Edmund Capon AM OBE will retire as director of the Art Gallery of NSW
at the end of this year after 33 years in the role.
The President of the Board of Trustees of the Gallery, Mr Steven Lowy AM, made the announcement today at a media conference with the Premier, Mr OFarrell, and Mr Capon.
Mr Lowy said Mr Capons service to the Gallery and the cultural life of Australia had been extraordinary.
Rarely, if ever, has a single person so embodied the spirit and ambition of an institution as has Edmund with the Art Gallery of NSW, he said.
Edmunds achievements are many, but his single most significant achievement has been to make good on the goal he set for the Gallery soon after he was appointed in 1978.
Back then, Edmund made it clear he wanted the Gallery to pursue quality and not, to use his words at the time, a broad expansion of all areas at a mediocre level.
As we look around the Gallery today, and reflect on all that has happened under Edmunds leadership, there can be no doubt that he has more than fulfilled that early ambition.
Mr Lowy said Mr Capons more notable achievements were to:
create a sustainable funding base for the Gallery, primarily by establishing the Art Gallery of NSW Foundation in 1983 to raise and invest money for the purchase of major art works.
make the Gallery more accessible and more popular. In 1978 there were around 300,000 admissions. In 2010-11 there are 1.3 million, an incredible result even allowing for natural growth.
maintain and improve the quality of the collection, including major acquisitions such as Bords de la Marne by Paul Cézanne, Nude in a rocking chair by Pablo Picasso, Three bathers by Ernst Ludwig Kirchner, Five bells by John Olsen, First-class marksman by Sidney Nolan, Three studies from the Temeraire by Cy Twombly, Standing Buddha, China Sui dynasty, Waterbrain by Rusty Peters and Haft by Anthony Gormley.
stage quality major exhibitions, including The Chinese Exhibition, Gold of the Pharaohs, Masterpieces from the Guggenheim New York, Michelangelo to Matisse: Drawing the Figure, Jeffrey Smart, Papunya Tula: Genesis and Genius, Caravaggio and his world: darkness & light, Pissarro: the first Impressionist, Bill Henson, Giacometti: sculptures prints & drawings from the Maeght Foundation, The Arts of Islam: Treasures from the Nasser D Khalili collection, The Lost Buddhas and The First Emperor: Chinas entombed warriors.
double the Gallery in 1988 with the new Bicentennial wing, opened the Asian gallery in 1990 and expanded it in 2003, created the new contemporary galleries including the John Kaldor Family Gallery in 2011.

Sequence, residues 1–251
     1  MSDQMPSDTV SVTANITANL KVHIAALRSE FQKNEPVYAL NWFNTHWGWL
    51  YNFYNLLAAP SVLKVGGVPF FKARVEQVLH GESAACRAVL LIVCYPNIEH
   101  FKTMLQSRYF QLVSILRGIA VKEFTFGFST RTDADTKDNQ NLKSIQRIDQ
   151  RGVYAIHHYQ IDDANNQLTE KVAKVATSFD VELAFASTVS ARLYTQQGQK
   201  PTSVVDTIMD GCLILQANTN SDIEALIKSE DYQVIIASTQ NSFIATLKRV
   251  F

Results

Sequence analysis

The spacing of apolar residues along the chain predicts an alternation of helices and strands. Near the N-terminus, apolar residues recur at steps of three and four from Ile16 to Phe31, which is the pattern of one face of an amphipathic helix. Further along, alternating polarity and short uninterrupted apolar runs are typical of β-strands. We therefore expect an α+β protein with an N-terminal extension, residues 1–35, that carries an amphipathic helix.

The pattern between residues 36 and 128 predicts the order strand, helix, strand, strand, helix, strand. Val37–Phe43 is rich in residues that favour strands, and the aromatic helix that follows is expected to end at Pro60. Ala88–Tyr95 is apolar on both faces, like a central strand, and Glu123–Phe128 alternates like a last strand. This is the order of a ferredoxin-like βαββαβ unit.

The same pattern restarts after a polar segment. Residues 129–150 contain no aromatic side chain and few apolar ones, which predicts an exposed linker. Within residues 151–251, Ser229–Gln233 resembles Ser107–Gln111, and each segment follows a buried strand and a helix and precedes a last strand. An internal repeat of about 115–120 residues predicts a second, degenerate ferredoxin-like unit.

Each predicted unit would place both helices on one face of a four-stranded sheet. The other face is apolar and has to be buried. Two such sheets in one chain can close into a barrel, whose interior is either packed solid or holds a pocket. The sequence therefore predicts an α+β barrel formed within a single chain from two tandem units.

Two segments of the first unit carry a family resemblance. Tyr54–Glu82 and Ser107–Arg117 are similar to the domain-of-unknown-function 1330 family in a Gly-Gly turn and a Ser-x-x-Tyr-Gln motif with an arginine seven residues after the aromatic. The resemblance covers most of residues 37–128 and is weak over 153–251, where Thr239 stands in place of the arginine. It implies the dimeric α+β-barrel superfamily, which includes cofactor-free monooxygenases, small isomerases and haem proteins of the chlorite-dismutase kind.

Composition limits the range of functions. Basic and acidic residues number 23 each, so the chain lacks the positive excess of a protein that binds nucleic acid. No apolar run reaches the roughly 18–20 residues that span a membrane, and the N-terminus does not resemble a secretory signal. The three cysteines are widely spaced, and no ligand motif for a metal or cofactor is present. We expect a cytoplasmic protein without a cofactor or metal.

create a purpose-built collection store to safely house the Gallerys growing collection and free up more public space within the Gallery for exhibition.
build the Asian collection and Asian exhibition program.
grow a thriving Gallery membership which now stands at 30,000 members.
develop an engaging, accessible public programs including the unique Art After Hours program.
triple the collection from 10,000 to 30,000 works and now valued at $825 million.
publish scholarly collection books and exhibition catalogues for national and international distribution.
Lowy said that listing Mr Capons achievements did not fully describe the impact he has made on the Gallery and the city of Sydney.
Under his direction the Gallery has built a collection of quality and has a committed and highly motivated professional staff.
But Edmund has made the Gallery greater than the sum of its parts. He has weaved a certain magic in the way hes nurtured the institution over the years.
He has made the life of the Gallery something that the community feels part of and is proud of.
Quite simply, the Art Gallery of NSW is one of the most treasured institutions in Australia, and especially in Sydney, and Edmund deserves most of the credit for that.
Mr Lowy said it had been a privilege for him as President of the Board of Trustees to have had the opportunity to work with Mr Capon over the past six years.
It has been the great good fortune of the Board of Trustees to have overseen the governance of the Gallery while Edmund has been at the helm.
His expertise, and the stability and continuity provided by his many years of dedicated service, have made the role of everyone associated with the Gallery that much more pleasurable as well as productive.
It is fitting that we are able to coincide Edmunds departure from the Gallery with the upcoming Picasso exhibition a stellar exhibition for Edmund to sign off on a stellar career.
Mr Lowy said the Trustees would immediately establish a process to select Mr Capons successor, including a global search to identify suitable candidates.